African American Designers in Chicago: Art, Commerce, and the Politics of Race, Chicago Cultural Center (October 2018-March 2019).
From top: exhibition view; Herbert Temple designs of Ebony, Negro Digest, and Black World; Charles Harrison chair and slide projector.
Exhibition design by David Hartt.
African American Designers in Chicago:
Art, Commerce, and the Politics of Race
The exhibition highlights the work of African American commercial artists who shaped the racial politics of mass consumerism during the twentieth century. As co-curator, I helped tell this story by selecting a range of design work from manufactured products such as chairs and dolls to printed ephemera such as album covers and magazine advertising. My long essay on the social history of African American design in Chicago was freely distributed as an illustrated newspaper-style handout in the gallery space. The exhibition, supported by the Terra Foundation of American Art, runs at the Chicago Cultural Center from October 2018 to March 2019.
A symposium on The Designs of African American Life celebrated the opening of the exhibition on November 3, 2018 with a group of leading scholars in African American studies who spoke on the themes of design, political economy, and politics.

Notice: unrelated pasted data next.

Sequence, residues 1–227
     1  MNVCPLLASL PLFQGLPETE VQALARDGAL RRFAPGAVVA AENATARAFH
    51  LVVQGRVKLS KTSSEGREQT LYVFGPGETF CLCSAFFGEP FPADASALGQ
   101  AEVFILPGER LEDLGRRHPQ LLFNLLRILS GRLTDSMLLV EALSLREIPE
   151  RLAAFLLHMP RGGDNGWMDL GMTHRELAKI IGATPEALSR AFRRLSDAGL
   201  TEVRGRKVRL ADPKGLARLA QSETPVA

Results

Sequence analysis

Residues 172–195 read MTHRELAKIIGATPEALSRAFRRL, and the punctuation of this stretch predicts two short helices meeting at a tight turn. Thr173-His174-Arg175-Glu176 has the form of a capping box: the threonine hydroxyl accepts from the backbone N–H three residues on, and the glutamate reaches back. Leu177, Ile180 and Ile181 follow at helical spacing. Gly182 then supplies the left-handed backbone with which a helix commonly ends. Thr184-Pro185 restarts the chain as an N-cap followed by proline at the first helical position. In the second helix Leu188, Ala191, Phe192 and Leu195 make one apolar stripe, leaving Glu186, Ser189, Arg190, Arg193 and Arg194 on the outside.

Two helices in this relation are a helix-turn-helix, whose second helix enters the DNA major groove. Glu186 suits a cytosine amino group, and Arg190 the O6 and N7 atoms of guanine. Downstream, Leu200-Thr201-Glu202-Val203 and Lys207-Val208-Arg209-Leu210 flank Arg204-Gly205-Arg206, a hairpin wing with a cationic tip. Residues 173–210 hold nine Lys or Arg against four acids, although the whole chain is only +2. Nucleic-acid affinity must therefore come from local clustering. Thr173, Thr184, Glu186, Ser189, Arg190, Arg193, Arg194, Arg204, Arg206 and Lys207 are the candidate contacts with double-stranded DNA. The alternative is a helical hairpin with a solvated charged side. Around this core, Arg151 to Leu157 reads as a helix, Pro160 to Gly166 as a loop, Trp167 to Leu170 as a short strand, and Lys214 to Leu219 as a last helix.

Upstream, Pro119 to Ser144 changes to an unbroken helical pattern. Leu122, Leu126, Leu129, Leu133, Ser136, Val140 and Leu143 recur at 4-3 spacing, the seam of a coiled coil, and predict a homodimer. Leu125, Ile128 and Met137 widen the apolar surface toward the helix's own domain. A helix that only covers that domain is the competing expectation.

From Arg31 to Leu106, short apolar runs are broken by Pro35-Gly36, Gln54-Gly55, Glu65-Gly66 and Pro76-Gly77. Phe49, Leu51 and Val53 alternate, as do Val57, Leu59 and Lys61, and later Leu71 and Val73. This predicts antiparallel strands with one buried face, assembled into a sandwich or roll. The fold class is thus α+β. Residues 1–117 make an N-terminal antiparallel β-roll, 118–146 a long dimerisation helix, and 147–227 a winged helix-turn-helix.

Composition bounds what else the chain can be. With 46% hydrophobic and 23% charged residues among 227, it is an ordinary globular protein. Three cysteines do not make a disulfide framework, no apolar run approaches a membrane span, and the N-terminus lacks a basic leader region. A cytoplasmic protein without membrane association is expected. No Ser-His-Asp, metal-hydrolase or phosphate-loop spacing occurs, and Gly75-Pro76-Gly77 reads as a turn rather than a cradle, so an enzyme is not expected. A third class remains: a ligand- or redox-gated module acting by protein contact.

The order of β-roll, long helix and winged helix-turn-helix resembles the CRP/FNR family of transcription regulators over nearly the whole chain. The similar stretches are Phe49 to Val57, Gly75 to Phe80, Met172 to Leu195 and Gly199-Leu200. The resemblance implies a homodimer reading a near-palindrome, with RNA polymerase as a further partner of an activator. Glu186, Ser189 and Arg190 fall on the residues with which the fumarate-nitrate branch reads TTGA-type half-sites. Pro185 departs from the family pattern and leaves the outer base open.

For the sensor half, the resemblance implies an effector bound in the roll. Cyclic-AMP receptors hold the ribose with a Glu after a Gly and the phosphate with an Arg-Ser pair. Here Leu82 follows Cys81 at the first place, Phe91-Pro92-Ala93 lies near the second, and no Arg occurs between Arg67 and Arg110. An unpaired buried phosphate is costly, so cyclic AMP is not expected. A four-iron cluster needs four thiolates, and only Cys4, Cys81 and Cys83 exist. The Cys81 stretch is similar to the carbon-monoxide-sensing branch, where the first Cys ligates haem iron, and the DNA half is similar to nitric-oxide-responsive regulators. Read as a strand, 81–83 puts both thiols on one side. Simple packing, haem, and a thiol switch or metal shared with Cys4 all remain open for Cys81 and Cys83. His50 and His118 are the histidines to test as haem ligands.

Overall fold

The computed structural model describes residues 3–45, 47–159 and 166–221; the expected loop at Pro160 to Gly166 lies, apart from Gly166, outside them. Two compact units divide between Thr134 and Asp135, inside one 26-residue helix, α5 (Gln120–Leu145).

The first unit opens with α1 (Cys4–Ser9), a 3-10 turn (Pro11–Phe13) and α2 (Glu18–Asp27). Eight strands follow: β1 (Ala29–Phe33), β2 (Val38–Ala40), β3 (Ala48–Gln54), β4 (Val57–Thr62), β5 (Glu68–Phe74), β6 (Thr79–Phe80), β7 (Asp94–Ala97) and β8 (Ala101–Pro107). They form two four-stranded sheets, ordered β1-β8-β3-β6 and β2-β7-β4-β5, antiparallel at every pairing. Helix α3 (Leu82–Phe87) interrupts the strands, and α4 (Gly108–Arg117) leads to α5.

The exhibition and symposium have been reviewed in public and scholarly forums:
Race and the Design of American Life, Special Collections Research Center, University of Chicago (October 2013-January 2014)
Race and the Design of American Life:
African Americans in Twentieth-Century Commercial Art
This exhibit, which was held at the Special Collections Research Center at the University of Chicago from October 2013 to January 2014, surveyed the ways in which African Americans shaped the visual iconography of consumer capitalism: as images and as makers and consumers of their own image. The exhibit text and a selection of images is preserved online here.